By ABDULLAH AL-SULTAN
A common man may think that Iran is populated by a single race or ethnic group, but in fact there are several ethnic groups other than Persians in Iran.
They include Arabs, Kurds, Lurs, Baluchs, Gilanis, Turkmen (Turkish), Gilakis, Azris and Mazandaranis besides other smaller communities. The Persians are in a majority. Most of the minority communities are living on the fringes of the country. Their regions were annexed by Iran in the past.
Persians regard Sunni Muslims as the second-rate citizens. Sunnis are made up mostly of Baluchs, Arabs and Turkmen. The Shiite Iranian government treats them with discrimination because of their Sunni identity. They are denied their legitimate political, legal, constitutional, social, cultural and economic rights. Their miseries multiply because of lack of support or assistance from within or outside the country. The Sunnis had sided with Khomeini in the revolution against the Shah of Iran. But he turned against them after the revolution and refused to honor his promises made to them.
Their presence in the areas close to borders of the county strengthened their affinity to the countries of their origin. Persians always drive the Sunni populations to the borders of the country because of sectarian reasons. In fact, the policy of driving out Sunni communities from central regions to distant border areas was a policy adopted originally by the Safavid rulers. (Safavid dynasty ruled Iran from 1501 to 1722.) The government’s policy till now has been to cleanse major cities and central regions of Sunni communities and relocate them to peripheral areas as much as possible.
The 20-million strong Sunnis are the largest minority accounting for 35 percent of the 70 million Iranian population. In fact, the number of Sunnis is much higher than the official figures. However, they are economically poor, less educated and live far away from the capital city. Hated by the Shiite majority, the Sunni districts are neglected — they lack utilities, basic amenities and other essential services. Sunnis are even denied the right to build mosques or religious schools. Building a Sunni school or a religious madrasa is considered an unpardonable crime. Existing Sunni mosques are subjected to close monitoring. Many of them were demolished on the pretext that they were built for purposes other than worshipping or without a specific license needed for a mosque. Some times a mosque is demolished on the pretext that its imam has foreign allegiance.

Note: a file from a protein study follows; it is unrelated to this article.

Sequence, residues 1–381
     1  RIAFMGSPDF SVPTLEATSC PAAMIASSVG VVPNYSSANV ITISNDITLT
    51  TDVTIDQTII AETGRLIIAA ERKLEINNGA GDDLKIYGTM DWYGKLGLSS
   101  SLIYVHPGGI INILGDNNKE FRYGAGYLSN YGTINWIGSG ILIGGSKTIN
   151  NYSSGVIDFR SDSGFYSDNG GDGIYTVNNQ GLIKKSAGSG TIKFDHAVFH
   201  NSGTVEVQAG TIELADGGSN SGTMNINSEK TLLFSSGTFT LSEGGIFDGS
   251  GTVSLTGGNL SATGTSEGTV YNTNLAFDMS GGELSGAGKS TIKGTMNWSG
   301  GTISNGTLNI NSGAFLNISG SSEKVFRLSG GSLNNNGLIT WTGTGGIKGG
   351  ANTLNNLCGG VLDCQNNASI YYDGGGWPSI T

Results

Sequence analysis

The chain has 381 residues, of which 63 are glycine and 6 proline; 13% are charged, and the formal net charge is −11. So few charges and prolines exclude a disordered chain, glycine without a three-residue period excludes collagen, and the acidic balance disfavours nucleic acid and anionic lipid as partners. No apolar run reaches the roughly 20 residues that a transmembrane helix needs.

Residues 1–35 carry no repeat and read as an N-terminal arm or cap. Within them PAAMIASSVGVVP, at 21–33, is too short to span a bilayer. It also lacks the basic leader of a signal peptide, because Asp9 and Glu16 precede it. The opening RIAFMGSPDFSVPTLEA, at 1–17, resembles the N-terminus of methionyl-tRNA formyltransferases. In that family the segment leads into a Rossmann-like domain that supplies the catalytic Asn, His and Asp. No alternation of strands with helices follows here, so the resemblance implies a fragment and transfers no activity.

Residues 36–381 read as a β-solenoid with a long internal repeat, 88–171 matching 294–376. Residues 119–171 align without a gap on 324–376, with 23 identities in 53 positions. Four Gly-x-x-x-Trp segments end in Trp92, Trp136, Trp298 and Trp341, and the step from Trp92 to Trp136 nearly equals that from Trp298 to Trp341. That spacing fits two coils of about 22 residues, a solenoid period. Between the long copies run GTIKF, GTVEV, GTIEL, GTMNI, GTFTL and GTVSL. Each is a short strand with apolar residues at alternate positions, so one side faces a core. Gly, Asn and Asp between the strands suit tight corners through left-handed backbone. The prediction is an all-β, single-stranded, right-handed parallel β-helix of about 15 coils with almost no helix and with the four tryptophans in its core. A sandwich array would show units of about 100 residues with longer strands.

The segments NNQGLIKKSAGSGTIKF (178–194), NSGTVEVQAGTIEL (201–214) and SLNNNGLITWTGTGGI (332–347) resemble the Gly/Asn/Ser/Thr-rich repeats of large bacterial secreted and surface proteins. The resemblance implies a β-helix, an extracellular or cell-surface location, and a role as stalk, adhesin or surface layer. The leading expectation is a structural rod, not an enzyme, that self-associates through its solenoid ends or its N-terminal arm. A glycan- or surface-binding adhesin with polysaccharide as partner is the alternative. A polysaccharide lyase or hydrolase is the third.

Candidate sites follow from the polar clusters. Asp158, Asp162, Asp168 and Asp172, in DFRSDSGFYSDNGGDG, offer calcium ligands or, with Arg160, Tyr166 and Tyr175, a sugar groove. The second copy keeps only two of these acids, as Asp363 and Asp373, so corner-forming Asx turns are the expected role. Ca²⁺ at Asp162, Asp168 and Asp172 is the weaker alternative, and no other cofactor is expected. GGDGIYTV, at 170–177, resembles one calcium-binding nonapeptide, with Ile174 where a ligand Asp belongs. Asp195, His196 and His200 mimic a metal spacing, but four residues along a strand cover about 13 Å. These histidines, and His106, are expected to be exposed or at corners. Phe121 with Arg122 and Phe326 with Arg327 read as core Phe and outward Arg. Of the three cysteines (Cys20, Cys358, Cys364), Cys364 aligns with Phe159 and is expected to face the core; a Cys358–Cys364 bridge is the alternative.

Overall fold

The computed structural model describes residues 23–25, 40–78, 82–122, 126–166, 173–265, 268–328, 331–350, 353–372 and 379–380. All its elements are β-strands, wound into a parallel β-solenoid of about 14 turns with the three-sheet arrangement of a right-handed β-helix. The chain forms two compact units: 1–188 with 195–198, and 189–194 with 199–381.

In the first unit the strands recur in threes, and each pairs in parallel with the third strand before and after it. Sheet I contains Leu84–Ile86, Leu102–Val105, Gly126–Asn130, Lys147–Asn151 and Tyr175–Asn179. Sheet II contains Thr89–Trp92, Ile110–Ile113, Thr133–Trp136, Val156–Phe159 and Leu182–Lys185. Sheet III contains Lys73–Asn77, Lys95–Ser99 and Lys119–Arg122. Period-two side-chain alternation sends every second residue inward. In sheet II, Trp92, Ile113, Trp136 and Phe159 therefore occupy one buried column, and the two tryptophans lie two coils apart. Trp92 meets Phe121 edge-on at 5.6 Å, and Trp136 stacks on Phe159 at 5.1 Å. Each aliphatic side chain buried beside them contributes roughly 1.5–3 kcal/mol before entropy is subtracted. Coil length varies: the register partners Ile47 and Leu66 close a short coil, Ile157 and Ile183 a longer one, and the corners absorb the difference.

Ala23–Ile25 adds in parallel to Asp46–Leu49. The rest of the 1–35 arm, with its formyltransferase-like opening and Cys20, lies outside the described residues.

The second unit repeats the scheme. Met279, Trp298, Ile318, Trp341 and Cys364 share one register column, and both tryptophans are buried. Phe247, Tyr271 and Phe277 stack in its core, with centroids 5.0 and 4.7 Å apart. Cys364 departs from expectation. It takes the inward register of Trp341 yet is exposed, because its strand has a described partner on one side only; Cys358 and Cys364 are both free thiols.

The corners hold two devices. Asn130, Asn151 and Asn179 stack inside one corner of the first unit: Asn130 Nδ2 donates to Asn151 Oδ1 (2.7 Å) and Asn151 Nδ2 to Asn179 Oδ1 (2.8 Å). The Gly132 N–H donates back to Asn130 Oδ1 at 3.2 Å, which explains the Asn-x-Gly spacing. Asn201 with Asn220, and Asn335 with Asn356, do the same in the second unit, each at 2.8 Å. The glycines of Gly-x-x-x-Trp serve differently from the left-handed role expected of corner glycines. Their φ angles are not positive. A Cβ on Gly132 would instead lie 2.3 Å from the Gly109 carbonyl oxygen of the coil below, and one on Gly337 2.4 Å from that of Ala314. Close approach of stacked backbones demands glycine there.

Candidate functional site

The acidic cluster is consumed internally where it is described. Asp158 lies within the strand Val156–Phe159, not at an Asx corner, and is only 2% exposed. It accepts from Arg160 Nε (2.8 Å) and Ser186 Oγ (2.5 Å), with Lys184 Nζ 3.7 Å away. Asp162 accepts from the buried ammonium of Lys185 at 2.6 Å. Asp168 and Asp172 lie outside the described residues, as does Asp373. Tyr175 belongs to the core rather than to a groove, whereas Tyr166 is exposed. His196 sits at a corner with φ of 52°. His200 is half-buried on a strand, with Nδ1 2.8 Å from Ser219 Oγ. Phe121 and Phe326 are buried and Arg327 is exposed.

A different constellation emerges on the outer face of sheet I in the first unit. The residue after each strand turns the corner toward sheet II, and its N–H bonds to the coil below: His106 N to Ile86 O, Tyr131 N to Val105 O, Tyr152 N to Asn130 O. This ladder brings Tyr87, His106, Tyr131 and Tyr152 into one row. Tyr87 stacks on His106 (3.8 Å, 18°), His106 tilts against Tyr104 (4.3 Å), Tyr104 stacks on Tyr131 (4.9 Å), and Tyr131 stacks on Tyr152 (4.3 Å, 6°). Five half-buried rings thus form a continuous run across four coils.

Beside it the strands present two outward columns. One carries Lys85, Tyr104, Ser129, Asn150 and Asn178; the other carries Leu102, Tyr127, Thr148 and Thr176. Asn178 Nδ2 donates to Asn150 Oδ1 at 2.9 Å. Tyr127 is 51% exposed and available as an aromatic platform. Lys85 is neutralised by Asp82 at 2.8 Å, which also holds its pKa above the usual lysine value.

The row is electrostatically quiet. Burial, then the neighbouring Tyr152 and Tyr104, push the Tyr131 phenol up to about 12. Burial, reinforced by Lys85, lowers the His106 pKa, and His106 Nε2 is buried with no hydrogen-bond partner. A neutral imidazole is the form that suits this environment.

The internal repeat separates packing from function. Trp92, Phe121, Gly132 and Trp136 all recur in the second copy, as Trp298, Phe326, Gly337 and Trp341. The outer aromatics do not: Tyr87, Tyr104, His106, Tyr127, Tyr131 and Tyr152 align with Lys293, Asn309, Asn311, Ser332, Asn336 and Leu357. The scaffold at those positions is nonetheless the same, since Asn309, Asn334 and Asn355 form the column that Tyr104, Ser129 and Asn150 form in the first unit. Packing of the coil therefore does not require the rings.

On the other hand, Shiites are allowed to build Husainiats (small Shiite mosques) inside Sunni districts to the chagrin of the Sunni population.
Large cities such as Tehran, Isfahan and Shiraz do not have even a single Sunni mosque. The official explanation is that Sunnis can pray at Shiite mosques and it will promote unity among them (although a truth, in this context it is a falsehood.)
While no Sunni mosques are permitted, these cities have Jewish synagogues, Christian churches and Zoroastrianism temples. This is nothing but the arrogant oppression of the Sunnis (religions in Iran are Islam, Judaism, Christianity, Bahaism and Zoroastrianism.)
Iranians have a perverted and dictatorial Shiite regime. Its domestic and foreign policies are based on strategic politics, racist nationalism and sectarianism and the victims are non-Persian Sunnis in that country.